So much of life is not what we expected. Perhaps you’ve heard the old adage, “If you want to make God laugh, tell him your plans.” What we plan and what we expect are so seldom what we receive. Even in this season of merry-making, of happy times and happy memories, of high expectations, we find that what happens is not exactly what we expected. Loved ones get sick, travel plans change, inclement weather grounds us. Perhaps we stop just long enough to realize the aching in our hearts, that familiar feeling of something—someone—missing, that we’ve tried so hard to put behind us, and then we move on quickly, thinking there’s no time for grieving, this time of year. Maybe our loss is a broken relationship, a job we no longer have, a health crisis, or the realization that somewhere along the way, in the midst of the chaos of everyday life, we’ve lost just a bit too much of ourselves. Jobs are demanding. Families take time and energy. Caring for children or parents drains us. Where did those past days go, when we were sure of who we were, of what we were doing, of where we were going? No, this is certainly not what we expected.

Our own stories may not seem much like Mary’s. We most likely face no unexpected pregnancy, no long and arduous journey to an unfamiliar city, no disgrace to our family, perhaps. But maybe the secret to dealing with life, when it’s not what we expected—or a secret to dealing with it, at least—is in how Mary responds. It’s OK for us to ask, “But how?” along with Mary. It’s OK for us to wonder how it will all work out, maybe to be frustrated, afraid, or even angry along the way. Perhaps Mary even wondered what God was up to, if God could have really made the right choice in choosing her. As the popular song “Breath of Heaven” suggests, Mary may have been frightened, worried about the responsibility, the questions, all that went along with this story. And yet, she said “yes” to the angel. She had faith that God was at work, working things out for the best, though it was not at all what she expected.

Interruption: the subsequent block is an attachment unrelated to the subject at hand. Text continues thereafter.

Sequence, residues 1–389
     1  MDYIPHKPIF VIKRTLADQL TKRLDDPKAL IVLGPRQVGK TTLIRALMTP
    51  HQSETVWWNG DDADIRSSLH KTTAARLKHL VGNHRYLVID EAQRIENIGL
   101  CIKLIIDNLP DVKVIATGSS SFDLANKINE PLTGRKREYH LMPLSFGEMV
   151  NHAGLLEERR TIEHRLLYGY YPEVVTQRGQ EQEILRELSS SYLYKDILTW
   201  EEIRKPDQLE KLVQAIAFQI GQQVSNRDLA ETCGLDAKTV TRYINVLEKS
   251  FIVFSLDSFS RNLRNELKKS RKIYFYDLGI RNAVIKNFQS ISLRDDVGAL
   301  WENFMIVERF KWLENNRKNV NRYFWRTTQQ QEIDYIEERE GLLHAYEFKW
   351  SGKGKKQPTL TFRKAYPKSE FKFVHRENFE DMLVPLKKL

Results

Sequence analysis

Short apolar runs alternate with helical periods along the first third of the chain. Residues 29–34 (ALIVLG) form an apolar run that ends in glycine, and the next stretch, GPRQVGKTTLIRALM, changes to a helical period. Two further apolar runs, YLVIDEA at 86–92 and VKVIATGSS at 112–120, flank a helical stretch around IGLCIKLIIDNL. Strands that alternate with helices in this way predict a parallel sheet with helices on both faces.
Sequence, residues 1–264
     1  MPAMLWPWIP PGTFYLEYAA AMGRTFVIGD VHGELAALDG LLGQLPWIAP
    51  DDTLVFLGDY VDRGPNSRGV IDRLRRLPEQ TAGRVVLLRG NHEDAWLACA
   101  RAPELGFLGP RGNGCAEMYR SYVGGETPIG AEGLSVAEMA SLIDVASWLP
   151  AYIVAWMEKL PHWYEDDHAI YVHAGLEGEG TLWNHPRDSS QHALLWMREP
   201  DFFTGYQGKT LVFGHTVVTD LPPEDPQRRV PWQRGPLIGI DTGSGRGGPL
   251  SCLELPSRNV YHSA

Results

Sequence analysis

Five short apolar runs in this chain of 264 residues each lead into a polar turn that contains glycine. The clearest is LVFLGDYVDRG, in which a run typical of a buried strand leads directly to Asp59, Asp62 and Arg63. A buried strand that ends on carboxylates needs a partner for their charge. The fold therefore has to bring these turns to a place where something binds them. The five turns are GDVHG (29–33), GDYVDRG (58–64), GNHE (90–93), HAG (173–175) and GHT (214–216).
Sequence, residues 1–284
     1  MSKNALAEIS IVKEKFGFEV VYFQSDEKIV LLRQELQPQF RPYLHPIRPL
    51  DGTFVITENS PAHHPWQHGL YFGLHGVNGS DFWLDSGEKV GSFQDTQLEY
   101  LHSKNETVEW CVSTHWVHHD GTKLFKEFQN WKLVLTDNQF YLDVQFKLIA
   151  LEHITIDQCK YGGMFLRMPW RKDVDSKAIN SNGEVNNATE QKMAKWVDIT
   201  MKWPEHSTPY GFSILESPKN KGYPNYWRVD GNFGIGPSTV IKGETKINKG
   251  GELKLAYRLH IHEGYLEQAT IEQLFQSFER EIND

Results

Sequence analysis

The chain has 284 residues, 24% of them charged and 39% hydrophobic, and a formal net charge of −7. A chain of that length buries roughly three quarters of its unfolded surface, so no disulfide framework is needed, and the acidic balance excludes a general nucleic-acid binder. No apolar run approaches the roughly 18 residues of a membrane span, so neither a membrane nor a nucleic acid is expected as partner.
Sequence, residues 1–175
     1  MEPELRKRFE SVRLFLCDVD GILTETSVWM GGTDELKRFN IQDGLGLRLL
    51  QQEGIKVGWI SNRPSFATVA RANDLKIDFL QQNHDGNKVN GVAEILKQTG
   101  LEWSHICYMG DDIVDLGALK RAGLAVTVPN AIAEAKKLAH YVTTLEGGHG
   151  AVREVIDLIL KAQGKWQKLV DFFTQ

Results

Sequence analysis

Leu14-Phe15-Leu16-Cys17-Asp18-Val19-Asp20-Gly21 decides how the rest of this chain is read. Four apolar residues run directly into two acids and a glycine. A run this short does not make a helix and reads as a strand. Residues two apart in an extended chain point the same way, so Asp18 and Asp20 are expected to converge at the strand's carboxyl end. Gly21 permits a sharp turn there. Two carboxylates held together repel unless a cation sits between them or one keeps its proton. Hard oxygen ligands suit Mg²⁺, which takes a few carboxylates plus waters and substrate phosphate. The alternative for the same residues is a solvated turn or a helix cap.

The brokenness and dark spots of our lives are not what we expected. It’s easy to get drawn into them, to find ourselves trapped in our own grief, or to keep from feeling anything, in case it’s too much. But just like Mary, we can know that God is at work, in our lives, in the world, no matter what sort of tragedy befalls us. It doesn’t always mean things will have the happiest of endings. It doesn’t always mean that the “right” path will be easy. And it certainly doesn’t mean that we will move forward without other experiences of grief. But when life is not what we expected, we know God is with us. God is at work. Our salvation is sure, through the one who chose a lowly peasant girl to give birth to the Savior of the world. It’s not what we expected. But maybe that’s OK. We may grieve for this night, may wonder what will become of us, but we know that joy comes with the morning. And we wait with hope, even when it seems darkest, knowing that light will break through again. That’s the only thing we can expect—that the light will shine on us again, and the darkness will not ever overcome it. And we can rejoice with Mary, knowing that God is taking care of us, too. The dawn will come, and the joy of the Lord with it.

Thank you, Great God, for holding little us close to you, for shining your light on us, for leading us on, even when it’s not what we expected. Amen.

Thursday, December 9, 2010

December Events

Sunday, December 12th: Third Sunday of Advent
Community Christmas Celebration, 6:00 p.m. @ Sand Branch UMC
Monday, December 13th: Parsonage Committee Meeting, 7:00 p.m. @ Bethel Fellowship Hall—this is rescheduled from Tuesday, November 30th
Tuesday, December 14th: Bethel N.O.W. Meeting, 7:00 p.m. @ Bethel Fellowship Hall
Sunday, December 19th: Fourth Sunday of Advent
Bethel Life Group Christmas Celebration, Potluck Lunch following worship
Walk Through Bethlehem, 1:00-6:00 p.m. @ Church Street UMC
Monday, December 20th: Christmas Caroling and Party @ French Broad Church, 6:00 p.m.
Tuesday, December 21st: Longest Night of the Year Service of Healing and Remembrance, 7:00 p.m. @ Bethel Church
Friday, December 24th: Christmas Eve
3:00 p.m. : Candlelight Service at Huckleberry Springs Chapel
5:00 p.m.: Candlelight Service with Communion at Bethel Church
7:00 p.m.: Candlelight Vespers Service at French Broad Church
Saturday, December 25th: Christmas Day
Sunday, December 26th: First Sunday of Christmas
Friday, December 31st: Watch Night Service, 7:00 p.m. @ Bethel Church